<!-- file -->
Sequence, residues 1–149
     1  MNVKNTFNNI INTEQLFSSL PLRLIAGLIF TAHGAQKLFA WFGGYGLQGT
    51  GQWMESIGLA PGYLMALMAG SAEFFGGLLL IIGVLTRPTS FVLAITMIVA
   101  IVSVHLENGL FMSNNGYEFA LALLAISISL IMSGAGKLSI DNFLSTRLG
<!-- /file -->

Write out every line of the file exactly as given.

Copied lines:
Sequence, residues 1–149
     1  MNVKNTFNNI INTEQLFSSL PLRLIAGLIF TAHGAQKLFA WFGGYGLQGT
    51  GQWMESIGLA PGYLMALMAG SAEFFGGLLL IIGVLTRPTS FVLAITMIVA
   101  IVSVHLENGL FMSNNGYEFA LALLAISISL IMSGAGKLSI DNFLSTRLG